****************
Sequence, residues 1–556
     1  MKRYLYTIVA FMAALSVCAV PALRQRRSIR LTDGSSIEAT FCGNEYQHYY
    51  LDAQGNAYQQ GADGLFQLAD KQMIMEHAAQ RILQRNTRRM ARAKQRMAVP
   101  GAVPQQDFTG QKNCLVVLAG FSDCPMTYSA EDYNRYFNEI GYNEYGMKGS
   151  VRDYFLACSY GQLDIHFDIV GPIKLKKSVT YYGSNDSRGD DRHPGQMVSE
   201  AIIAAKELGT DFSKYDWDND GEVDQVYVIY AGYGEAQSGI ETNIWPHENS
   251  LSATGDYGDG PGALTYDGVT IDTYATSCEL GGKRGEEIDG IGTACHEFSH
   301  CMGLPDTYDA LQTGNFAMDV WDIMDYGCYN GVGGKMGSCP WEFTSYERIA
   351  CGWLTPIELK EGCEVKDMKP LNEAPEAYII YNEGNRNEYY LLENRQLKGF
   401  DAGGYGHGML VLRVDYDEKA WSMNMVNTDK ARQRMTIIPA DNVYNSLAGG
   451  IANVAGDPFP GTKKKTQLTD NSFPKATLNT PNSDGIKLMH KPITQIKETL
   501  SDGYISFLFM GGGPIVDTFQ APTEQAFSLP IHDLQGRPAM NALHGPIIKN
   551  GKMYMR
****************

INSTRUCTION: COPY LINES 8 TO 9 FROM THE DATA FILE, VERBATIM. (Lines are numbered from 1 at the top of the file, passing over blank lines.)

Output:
   301  CMGLPDTYDA LQTGNFAMDV WDIMDYGCYN GVGGKMGSCP WEFTSYERIA
   351  CGWLTPIELK EGCEVKDMKP LNEAPEAYII YNEGNRNEYY LLENRQLKGF